Higher Education Quick Takes

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Friday, January 27, 2012 - 3:00am

U.S. authorities have arrested Seyed Mojtaba Atarodi, an assistant professor at Sharif University of Technology, in Iran, and charged him with violating U.S. export laws by purchasing high-tech lab equipment, the Associated Press reported. He is being held in California.

 

Friday, January 27, 2012 - 3:00am

Many followed the story of Patrick J. Witt, the star quarterback at Yale University, who in November said he was withdrawing his Rhodes Scholarship application, preferring to play the football game against Harvard University than skip the contest for a Rhodes interview. But The New York Times reported that, at the time Witt made that announcement, he already knew that he was no longer in contention for a Rhodes. The Rhodes committee had found out that Witt had been accused by a fellow student of sexual assault. The committee said it would only keep Witt's candidacy alive if Yale would again endorse him. The Times also reported that Witt is no longer enrolled at Yale, and that he did not graduate. Yale officials declined to discuss the case, citing confidentiality. Witt did not respond to requests for comment.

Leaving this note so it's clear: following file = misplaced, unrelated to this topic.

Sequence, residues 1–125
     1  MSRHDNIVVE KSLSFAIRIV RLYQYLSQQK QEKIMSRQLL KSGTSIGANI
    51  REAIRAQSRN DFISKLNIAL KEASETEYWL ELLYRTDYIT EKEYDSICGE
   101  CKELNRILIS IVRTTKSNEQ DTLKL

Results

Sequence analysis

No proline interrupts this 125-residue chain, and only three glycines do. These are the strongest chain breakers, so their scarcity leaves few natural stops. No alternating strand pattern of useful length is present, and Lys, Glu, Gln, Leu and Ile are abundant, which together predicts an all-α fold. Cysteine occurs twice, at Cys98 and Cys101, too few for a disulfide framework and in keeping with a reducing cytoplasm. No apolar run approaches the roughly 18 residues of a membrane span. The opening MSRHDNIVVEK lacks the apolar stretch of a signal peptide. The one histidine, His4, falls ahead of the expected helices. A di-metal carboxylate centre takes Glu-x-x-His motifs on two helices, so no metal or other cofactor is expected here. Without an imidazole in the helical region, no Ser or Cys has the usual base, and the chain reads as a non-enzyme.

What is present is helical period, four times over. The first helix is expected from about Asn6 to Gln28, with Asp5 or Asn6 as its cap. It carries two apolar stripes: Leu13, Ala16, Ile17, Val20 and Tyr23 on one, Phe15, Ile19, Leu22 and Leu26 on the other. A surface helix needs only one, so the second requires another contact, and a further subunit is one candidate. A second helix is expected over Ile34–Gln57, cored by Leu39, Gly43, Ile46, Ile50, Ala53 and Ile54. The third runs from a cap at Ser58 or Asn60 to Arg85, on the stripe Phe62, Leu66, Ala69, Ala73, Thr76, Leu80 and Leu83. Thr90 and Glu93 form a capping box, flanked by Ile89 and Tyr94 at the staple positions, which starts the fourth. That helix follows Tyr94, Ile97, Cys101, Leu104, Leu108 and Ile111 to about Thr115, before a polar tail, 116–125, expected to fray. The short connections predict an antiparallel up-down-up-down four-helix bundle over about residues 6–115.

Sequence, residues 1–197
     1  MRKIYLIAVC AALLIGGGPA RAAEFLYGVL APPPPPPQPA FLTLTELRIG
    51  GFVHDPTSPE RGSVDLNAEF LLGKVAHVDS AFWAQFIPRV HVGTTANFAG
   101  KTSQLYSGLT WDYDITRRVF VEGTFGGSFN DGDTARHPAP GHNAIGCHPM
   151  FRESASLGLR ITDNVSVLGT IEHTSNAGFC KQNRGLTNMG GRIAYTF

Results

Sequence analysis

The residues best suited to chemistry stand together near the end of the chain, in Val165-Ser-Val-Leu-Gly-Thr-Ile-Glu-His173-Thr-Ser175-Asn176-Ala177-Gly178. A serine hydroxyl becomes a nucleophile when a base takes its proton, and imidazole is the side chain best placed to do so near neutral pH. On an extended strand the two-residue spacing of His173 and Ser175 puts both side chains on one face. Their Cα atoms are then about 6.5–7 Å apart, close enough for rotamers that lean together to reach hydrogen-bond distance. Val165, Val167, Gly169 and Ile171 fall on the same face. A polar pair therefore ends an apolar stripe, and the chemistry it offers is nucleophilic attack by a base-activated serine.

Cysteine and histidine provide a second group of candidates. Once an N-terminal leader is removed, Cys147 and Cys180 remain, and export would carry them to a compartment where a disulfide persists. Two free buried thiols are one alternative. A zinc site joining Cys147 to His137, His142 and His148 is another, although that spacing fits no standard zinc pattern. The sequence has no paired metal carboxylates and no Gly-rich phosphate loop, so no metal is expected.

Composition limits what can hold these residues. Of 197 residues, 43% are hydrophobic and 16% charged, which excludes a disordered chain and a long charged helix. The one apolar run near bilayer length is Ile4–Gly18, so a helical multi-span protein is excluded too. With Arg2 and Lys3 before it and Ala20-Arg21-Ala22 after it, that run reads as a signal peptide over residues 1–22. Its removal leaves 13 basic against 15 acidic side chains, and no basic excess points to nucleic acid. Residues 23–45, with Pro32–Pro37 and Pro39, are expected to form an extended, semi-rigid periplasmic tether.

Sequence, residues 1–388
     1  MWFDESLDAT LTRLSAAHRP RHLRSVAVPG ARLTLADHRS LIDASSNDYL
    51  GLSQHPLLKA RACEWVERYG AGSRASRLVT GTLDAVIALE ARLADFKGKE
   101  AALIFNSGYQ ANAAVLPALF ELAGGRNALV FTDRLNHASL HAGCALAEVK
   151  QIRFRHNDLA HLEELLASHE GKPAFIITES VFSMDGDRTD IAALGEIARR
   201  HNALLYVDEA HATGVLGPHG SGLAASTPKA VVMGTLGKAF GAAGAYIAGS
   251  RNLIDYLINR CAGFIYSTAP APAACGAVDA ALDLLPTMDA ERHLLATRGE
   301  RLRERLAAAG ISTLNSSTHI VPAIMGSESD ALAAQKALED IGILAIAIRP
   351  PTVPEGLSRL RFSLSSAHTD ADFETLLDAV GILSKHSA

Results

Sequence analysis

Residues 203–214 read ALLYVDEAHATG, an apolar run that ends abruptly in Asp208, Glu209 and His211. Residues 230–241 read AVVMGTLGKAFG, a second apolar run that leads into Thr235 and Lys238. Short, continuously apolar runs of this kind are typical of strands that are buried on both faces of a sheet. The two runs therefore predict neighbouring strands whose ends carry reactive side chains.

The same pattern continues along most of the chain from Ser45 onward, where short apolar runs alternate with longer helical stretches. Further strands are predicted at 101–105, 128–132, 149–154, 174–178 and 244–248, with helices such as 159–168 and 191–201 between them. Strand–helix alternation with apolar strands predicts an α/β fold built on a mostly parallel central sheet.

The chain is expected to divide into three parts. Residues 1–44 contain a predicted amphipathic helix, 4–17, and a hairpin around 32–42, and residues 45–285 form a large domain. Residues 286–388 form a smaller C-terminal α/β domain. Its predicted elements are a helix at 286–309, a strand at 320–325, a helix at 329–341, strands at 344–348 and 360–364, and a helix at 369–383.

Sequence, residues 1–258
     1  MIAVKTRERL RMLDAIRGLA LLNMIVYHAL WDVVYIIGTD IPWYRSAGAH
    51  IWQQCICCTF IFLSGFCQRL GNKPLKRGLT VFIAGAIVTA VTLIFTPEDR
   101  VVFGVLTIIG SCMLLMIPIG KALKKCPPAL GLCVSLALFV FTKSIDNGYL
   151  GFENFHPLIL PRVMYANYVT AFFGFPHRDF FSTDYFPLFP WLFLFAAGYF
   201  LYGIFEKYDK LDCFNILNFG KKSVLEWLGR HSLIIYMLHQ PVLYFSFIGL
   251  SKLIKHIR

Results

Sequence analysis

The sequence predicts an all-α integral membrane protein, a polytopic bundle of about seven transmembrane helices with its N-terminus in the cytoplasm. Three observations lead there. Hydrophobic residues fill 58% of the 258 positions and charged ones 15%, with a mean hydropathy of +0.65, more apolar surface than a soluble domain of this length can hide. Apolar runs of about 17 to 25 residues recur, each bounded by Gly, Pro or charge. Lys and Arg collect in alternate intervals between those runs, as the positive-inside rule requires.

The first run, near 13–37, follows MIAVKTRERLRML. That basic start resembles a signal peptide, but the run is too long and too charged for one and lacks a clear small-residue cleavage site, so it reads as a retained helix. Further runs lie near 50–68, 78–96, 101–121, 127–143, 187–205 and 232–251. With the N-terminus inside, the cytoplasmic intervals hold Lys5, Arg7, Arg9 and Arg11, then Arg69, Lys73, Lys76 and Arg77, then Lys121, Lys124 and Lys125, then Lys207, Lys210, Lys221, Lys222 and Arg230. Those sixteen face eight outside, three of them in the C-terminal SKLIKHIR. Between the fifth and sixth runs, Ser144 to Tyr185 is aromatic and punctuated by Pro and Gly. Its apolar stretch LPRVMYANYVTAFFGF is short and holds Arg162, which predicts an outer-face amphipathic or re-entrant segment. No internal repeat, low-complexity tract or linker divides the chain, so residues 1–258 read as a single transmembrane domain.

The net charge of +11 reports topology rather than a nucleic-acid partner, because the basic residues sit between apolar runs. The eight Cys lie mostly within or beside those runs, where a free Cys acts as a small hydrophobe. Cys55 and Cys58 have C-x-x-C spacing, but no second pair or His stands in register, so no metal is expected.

Thursday, January 26, 2012 - 3:00am

Stanford University today will release a plan to revise undergraduate education requirements. "Breadth" requirements (those outside the major) would focus on "Ways of Thinking, Ways of Doing." This approach deals both with the content of courses, but also their format. In terms of content, students would be required to study courses to teach them seven skills: aesthetic and interpretive inquiry; social inquiry; scientific analysis; formal and quantitative reasoning; engaging difference; moral and ethical reasoning; and creative expression. In terms of course format, the report calls for freshmen to have courses that include lectures, discussion sessions and small seminars.

Thursday, January 26, 2012 - 4:24am